The Vietnam War may have been a military defeat but it spawned products of great cultural value such as Apocalypse Now (I prefer the longer "Redux" version which has the French plantation scene) and Full Metal Jacket, which are among my all-time favorite movies. While these movies were ambigious, even critical of America's involvement, right-wingers such as Golan-Globus in turn dealt with their traumas by sending men like Chuck Norris to bring the war to a happier conclusion. In NAM, you get to answer the question Rambo asked Colonel Trautman in Rambo 2: "Sir, do we get to win this time?"
NAM is a commercial Duke3D Total Conversion, released back in 1998. The Build engine was considered ancient technology already in 1998 but it seems that at least some people still had faith in its commercial viability. NAM was made by TNT Team, the mostly Finnish developers responsible for the classic Platoon TC. (TNT Team is not to be confused with TeamTNT, the guys who made Evilution, the first megawad in Final Doom.) NAM reuses a lot of assets from both their own Platoon TC and Duke3D itself, but throws in a lot of new assets as well for a more authentic military-shooter experience. NAM consists of two single-player episodes with a total of 16 maps, and two multiplayer episodes.
TNT Team has done a great job in crafting credible jungle environments with the Build engine. The environments still strike as beautiful, even varied, with waterfalls and thick vegetation covered in pleasing hues of green. Despite the potential to throw the player's sense of navigation off, map layouts in NAM are pretty straightforward (while generous with optional routes) rather than maze-like, at least so long as you remember to rely on the automap. Even though the environments are quite similar across the maps, repetition doesn't really get to set in: There's always something interesting just around the corner. In Payback Time, one of my favorite maps, there are around ten references to the movie Predator, another all-time favorite. In fact, the map follows the movie's script pretty linearly. (Also keep your eyes open for the creature's landing pod in Night Hunters, the preceding map.) Military assets such as forts, vehicles and other weaponry are all solid work, and everything blends in well together despite the recycling of some Duke3D assets. There are airstrikes, setpieces and friendly NPCs, even though the latter are pretty basic but still good for immersion. Even voice acting is solid for its time. Night maps are a bit of a pain if you're not playing this in darkness: NVGs seemed to be available for one mission only even though they should have been given for all night-time maps.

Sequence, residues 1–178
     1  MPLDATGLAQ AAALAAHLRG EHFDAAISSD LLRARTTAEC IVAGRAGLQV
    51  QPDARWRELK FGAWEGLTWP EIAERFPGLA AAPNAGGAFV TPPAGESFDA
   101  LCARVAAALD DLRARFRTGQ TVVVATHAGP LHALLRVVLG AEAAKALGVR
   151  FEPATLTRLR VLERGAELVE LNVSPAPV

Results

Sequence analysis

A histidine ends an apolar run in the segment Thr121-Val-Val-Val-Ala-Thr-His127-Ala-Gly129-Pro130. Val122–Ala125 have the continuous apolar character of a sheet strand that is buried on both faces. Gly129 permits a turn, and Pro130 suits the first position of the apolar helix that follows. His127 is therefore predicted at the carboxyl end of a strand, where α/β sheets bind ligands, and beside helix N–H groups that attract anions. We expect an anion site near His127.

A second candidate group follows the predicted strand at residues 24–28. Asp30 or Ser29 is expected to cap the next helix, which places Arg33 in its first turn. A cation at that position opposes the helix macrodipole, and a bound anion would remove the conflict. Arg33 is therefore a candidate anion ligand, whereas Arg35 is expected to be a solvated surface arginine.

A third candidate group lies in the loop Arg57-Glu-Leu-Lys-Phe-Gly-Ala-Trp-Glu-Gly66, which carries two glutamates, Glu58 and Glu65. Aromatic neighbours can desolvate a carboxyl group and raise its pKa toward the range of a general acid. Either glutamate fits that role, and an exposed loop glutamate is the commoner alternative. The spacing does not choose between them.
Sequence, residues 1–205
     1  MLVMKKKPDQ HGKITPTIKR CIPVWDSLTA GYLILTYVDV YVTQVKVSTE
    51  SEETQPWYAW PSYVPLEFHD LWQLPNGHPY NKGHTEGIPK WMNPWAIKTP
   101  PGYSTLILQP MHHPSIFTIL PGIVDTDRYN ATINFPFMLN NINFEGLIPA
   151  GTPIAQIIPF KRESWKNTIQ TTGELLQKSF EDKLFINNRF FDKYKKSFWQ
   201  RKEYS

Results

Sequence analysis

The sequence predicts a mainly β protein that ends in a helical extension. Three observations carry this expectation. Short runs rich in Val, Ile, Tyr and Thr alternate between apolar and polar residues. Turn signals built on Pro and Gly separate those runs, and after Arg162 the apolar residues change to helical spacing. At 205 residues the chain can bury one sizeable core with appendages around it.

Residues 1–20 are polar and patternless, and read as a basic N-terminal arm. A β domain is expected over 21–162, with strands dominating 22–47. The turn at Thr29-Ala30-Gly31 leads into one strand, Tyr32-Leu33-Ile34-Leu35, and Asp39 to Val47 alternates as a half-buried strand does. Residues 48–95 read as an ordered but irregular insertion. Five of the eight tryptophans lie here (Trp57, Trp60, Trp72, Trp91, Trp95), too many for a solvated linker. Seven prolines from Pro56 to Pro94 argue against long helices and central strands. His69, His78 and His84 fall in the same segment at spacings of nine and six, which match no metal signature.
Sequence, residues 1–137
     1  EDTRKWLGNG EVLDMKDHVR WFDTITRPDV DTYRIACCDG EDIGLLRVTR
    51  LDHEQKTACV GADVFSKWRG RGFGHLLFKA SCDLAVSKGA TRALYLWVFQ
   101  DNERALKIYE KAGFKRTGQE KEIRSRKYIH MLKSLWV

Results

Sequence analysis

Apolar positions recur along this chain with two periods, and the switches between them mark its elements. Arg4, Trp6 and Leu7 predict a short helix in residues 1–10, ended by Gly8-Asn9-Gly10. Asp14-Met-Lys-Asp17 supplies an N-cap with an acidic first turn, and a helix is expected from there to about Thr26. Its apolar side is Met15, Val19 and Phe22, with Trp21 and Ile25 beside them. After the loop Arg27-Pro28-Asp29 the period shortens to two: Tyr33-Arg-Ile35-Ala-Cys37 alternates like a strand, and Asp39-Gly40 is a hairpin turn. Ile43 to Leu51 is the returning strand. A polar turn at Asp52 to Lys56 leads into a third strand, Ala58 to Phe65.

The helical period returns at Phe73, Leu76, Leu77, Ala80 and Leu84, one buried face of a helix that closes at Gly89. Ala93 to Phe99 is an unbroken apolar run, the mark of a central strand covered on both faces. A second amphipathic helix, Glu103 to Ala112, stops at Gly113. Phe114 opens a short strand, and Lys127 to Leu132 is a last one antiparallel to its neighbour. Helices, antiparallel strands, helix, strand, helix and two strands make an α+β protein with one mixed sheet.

The game's biggest problems are related to its difficulty. The first episode in particular is littered with landmines that are often hard to spot. Then there are airstrikes, mortar strikes and artillery fire you need to watch out for, except often avoiding these is a matter of luck: Even when you hear the shells incoming, running is often just as risky as staying put (the sound effects don't seem localised so you wouldn't know where the bombs are going to land). Forget about the Viet Cong and the NVA: Often it's American bombs you need to fear the most. Combat in the game is satisfying; almost every weapon is deadly, particularly the M16 rifle which replaces the pistol but retains its deadly hitscan accuracy. But even here the enemy has the advantage; they can spot you through thick foliage way before you have any chance of spotting them, so you just end up shooting in their general direction, hoping to hit something. (To be sure, this is how it often was in Vietnam, but this is a game and in the game the enemy can actually see through opaque sprites while you cannot.) I'd highly recommend playing this on the easiest skill setting to compensate for all the random damage you're in for.
Conclusion: The game probably didn't make a lot of commercial sense at a time when both Quake 2 and Unreal were already out, but as a Duke3D Total Conversion NAM is a high-quality piece of work with great use of its assets to forge a convincing jungle warfare environment. Gameplay-wise it can be both very satisfying and highly irritating, but saving often and advancing cautiously are your keys to success. The Steam version runs through DOSBox which seemed to work fine here with the usual keyboard-mouse controls, but you should be able to run it through EDuke32 as well. Well worth checking out, although probably not at its current listed price (6,99€).
Purchase: Steam store
Author: TNT Team